David Remy - Brother does not understand how much suffering he causes for his brother. Literary Devices "The five o'clocks by the chimney still marked time, but the oriole nest in the elm was untenanted and rocked back and forth like an empty cradle." --Simile "The last graveyard flowers were blooming, and their smell drifted across the cotton field and through every room of our house, speaking softly the names of our dead." --Personification "...and the grass beneath us was soft and the smell of the swamp was sweet." --Imagery It is not enough just to identify the literary devices of a story because although it may give a deeper understanding, it also adds fluff rather than meaning. I think that in some cases, the literary devices unify the story because with literary devices you can easily make connections. I believe that literature does change the way we think because it causes us to question and make inferences. In literature, the answers are not always given to us, but instead allows us to decide and interpret it for ourselves. Sometimes, at first, literature shows what we see to be fact as actually just constructions or conventions, and at other times, it is just the opposite. "For a long time, it seemed forever, I lay there crying, sheltering my fallen scarlet ibis from the heresy of rain." "Occasionally I too became discouraged because it didn't seem as if he was trying, and I would say, "Doodle, don't you want to earn to walk?" He'd nod his head, and I'd say, "Well, if you don't keep trying, you'll never learn."" "Every day that summer we went to the pine beside the stream of Old Woman Swamp, and I put him on his feet at least a hundred times each afternoon." In my opinion, I do not think that reading a plot is enough to understand a story of its true meaning because in order to understand a story, you must understand its author. An author's life story can give you a lot of incite on the books that they write because most of the time, within the stories contain clues of how the author's lifestyle was. In my opinion, I do not think that this short story is just for art's sake, but instead I believe that this short story has a purpose: to remind people that you don't realize something's worth until it's gone and to cherish it while you still have time. By reading "The Scarlet Ibis" I have learned that sometimes people lack integrity when their own pride overcomes them...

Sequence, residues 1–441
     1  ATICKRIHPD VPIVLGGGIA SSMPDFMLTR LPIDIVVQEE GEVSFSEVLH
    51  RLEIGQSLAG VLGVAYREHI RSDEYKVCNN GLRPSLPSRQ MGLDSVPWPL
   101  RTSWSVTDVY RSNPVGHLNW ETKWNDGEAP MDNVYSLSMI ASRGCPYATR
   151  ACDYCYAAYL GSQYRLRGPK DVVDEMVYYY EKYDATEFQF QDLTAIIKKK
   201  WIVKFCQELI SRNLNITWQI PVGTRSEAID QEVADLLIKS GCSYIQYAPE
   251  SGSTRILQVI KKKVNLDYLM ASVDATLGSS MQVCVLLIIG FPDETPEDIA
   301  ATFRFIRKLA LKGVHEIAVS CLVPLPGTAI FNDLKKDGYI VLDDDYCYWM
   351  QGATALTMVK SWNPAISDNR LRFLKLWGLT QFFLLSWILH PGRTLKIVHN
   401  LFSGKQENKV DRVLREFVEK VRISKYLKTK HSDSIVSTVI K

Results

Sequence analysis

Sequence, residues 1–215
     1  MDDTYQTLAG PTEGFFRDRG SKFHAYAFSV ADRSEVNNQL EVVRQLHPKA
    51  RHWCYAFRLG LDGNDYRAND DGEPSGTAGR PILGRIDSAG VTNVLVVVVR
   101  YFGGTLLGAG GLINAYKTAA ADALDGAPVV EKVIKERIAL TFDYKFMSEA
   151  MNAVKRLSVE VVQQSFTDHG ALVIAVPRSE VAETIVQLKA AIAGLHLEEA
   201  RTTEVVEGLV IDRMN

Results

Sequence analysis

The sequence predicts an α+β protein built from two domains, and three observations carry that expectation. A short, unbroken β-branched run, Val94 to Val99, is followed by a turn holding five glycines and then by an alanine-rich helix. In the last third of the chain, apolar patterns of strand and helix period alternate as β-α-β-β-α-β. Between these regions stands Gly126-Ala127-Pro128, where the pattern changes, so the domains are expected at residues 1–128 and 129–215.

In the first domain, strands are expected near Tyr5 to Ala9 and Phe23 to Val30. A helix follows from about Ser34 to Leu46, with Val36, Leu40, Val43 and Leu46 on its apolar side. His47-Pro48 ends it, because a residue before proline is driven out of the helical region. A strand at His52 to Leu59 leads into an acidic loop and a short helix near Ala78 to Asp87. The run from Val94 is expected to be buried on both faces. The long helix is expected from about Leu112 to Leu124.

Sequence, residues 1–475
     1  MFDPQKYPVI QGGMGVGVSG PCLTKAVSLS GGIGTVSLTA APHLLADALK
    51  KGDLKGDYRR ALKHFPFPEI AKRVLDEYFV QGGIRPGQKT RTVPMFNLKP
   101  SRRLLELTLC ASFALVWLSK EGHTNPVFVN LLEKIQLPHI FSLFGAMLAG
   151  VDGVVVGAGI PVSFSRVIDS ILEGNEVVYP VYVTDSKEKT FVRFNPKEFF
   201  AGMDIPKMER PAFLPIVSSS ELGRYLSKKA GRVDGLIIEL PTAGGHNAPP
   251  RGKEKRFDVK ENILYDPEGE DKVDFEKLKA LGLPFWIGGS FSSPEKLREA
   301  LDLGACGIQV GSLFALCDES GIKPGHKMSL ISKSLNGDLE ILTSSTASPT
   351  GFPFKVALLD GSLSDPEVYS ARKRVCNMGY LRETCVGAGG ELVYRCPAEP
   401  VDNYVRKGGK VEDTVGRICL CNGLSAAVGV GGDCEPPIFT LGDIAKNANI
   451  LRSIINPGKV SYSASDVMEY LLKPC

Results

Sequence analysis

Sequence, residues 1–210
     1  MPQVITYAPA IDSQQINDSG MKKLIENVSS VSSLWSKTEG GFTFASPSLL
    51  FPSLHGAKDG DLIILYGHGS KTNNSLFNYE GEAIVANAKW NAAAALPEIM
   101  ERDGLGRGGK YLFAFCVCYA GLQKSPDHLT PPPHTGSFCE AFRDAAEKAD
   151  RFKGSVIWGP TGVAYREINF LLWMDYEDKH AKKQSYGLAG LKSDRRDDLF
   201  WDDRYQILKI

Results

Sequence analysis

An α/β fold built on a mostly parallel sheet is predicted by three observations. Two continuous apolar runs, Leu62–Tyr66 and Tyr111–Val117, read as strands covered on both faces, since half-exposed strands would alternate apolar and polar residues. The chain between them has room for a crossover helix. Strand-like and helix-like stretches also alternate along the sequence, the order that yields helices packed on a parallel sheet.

By: Alexis Lapid "The family's expectations of him fit into a small wooden box." "Only by comparing Doodle to the ibis does Brother seem to suggest that Doodle was at all special. More typically, Brother refers to Doodle as crazy, though he does say Doodle was not "a crazy crazy," just "a nice crazy, like someone you meet in your dreams." This last comment indicates that there may have been something magical about Doodle, but mostly what Brother seems to express is his quilt over forcing Doodle to do things that were beyond him. Brother seems unaware that there was something that Doodle could not do that was beyond the others." "Brother is able to control his cruelty only because his pride- and the adulation that he seeks from adults- needs reinforcement. This need for reinforcement and a narcissistic love temper Brother's actions.." "I did not know then that pride is a wonderful, terrible thing, a seed that bears two vines, life and death." "They did not know that I did it for myself; that pride, whose slave I was, spoke to me louder than all their voices, and that Doodle walked only because I was ashamed of having a crippled brother." ...even when they know what they are doing is wrong.
Full transcript